In addition, the “diet shift” recommendations in the WRI report are based on an “average daily protein requirement” of 50 grams, which is the minimum amount required to prevent deficiency. All the latest research on protein and higher protein diets4 indicate that eating 25-30g of protein at each meal (75-90 grams per day) is a better target for ultimate body benefits.5,6,7 In fact, eating a diet higher in protein, within calorie goals, can help people lose and maintain a healthy weight8,9,10,11, support a healthy metabolism11,12 and age more vibrantly13, and is in line with current consumption in the U.S. The goal of any discussion on shifting diets for a sustainable food future should be to improve the diets of people around the world, not just meet minimum requirements.
 
Conclusions

Studies that use global livestock production numbers to make sweeping recommendations about the diet fail to recognize the different ways in which cattle are raised around the globe. The key to meeting the challenge of feeding a growing world population is to focus on improving the sustainability of livestock production globally through improved cattle genetics, feed quality, animal management techniques and the use of technology.
 
Additional Resources
 
  1. http://www.cnn.com/2010/TECH/science/03/24/meat.industry.global.warming/
  2. http://www.fao.org/ag/againfo/resources/en/publications/tackling_climate_change/index.htm
  3. http://www.beefresearch.org/CMDocs/BeefResearch/Sustainability_FactSheet_TopicBriefs/Fact%20Sheet%201-Carbon.pdf
  4. Protein Summit 2.0: Evaluating the Role of Protein in Public Health, Am J Clin Nutr June 2015 101: 6 1311S-1315S
  5. Leidy H, et al. Beneficial effects of a higher-protein breakfast on the appetitive, hormonal, and neural signals controlling energy intake regulation in overweight/obese “breakfast-skipping” late-adolescent girls. Am J Clin Nutr. 2013;97:677-88.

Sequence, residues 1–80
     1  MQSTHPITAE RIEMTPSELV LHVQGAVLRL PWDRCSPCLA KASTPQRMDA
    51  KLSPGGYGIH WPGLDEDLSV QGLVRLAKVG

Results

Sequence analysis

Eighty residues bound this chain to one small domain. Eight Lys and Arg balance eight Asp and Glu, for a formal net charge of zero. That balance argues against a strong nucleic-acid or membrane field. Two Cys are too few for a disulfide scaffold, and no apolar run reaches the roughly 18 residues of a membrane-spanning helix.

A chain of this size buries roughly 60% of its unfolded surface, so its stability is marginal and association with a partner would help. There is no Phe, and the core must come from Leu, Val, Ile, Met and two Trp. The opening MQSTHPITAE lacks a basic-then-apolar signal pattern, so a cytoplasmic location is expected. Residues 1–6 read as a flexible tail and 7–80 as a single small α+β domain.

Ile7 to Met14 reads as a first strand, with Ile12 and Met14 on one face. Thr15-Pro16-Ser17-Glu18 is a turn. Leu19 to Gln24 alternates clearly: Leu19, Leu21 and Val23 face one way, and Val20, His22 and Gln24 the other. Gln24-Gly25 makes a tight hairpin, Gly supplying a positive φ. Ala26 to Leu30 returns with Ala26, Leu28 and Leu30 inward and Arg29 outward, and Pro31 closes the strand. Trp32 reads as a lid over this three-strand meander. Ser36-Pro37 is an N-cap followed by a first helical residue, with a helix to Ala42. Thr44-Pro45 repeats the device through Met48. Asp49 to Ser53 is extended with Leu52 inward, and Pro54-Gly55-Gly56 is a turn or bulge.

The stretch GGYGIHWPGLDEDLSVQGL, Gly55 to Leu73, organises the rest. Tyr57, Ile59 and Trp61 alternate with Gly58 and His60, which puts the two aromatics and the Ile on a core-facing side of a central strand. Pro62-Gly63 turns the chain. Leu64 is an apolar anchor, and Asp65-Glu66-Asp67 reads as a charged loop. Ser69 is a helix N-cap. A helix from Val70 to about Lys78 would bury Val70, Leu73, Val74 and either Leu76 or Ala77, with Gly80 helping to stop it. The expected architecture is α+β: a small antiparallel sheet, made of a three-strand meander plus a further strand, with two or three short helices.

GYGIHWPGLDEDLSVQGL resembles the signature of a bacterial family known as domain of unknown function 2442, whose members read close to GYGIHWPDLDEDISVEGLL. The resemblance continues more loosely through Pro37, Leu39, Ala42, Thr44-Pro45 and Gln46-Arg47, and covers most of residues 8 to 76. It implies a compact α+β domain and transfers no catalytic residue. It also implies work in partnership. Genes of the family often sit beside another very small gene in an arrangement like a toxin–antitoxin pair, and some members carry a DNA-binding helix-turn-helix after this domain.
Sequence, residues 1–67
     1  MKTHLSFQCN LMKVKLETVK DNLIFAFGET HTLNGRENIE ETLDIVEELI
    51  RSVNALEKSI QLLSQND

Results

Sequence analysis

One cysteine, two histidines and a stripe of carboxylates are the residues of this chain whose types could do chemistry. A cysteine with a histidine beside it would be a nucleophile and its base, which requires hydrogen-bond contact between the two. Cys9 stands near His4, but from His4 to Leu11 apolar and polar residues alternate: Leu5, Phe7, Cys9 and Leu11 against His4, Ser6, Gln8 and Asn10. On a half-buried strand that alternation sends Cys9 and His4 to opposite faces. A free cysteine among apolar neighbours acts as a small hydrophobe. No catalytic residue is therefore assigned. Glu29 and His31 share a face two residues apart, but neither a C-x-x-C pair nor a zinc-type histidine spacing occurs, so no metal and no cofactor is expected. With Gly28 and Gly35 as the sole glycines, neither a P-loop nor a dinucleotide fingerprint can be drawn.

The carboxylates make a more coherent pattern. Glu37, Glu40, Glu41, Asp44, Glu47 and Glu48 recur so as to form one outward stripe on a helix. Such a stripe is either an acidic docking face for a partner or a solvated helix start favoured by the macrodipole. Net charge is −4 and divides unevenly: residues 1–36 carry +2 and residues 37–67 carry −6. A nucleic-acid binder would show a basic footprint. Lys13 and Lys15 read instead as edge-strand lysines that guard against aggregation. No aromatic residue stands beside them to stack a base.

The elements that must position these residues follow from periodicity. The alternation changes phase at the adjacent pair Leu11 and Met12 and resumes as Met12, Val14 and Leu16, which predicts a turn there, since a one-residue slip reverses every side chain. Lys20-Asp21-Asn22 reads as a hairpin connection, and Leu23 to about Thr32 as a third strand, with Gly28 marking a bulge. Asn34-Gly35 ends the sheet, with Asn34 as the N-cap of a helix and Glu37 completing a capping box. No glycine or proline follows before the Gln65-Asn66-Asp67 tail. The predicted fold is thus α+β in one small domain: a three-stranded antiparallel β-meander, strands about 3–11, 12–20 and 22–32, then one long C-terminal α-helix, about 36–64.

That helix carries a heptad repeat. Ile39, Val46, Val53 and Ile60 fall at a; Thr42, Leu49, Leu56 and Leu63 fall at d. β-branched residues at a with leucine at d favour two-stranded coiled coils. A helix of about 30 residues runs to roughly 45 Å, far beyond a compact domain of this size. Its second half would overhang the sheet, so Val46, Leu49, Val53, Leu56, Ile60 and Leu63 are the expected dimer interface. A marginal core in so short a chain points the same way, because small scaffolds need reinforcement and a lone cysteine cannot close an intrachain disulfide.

6. Leidy H, et al. Increased dietary protein consumed at breakfast leads to an initial and sustained feeling of fullness during energy restriction compared to other meal times. Br J Nutr. 2009;101:798-803.
  7. Mamerow M, et al. Dietary protein distribution positively influences 24-h muscle protein synthesis in healthy adults. J Nutr.2014;144:876-80.
  8. Johnston C, et al. High-protein, low-fat diets are effective for weight loss and favorably alter biomarkers in healthy adults. J Nutr. 2004; 134: 586-91.
  9. Paddon-Jones D, et al. Protein, weight management, and satiety. Am J Clin Nutr. 2008;87:1558S-61S.
  10. Layman DK, Evans E, Baum JI, Seyler J, Erickson DJ, Boileau RA. Dietary protein and exercise have additive effects on body composition during weight loss in adult women. J Nutr 2005;135:1903–10.
  11. Merchant A, et al. Protein intake is inversely associated with abdominal obesity in a multi-ethnic population. J Nutr. 2005;135:1196-201.
  12. Noakes M, et al. Effect of an energy-restricted, high-protein, low-fat diet relative to a conventional high-carbohydrate, low-fat diet on weight loss, body composition, nutritional status, and markers of cardiovascular health in obese women. Am J Clin Nutr.2005;81:1298-306.
  13. Symons T, et al. A moderate serving of high-quality protein maximally stimulates skeletal muscle protein synthesis in young and elderly subjects. J Am Diet Assoc. 2009;109:1582-6.


 
 

Tags: Beef Issues Quarterly, Issues Updates, Summer 2016

June 23, 2016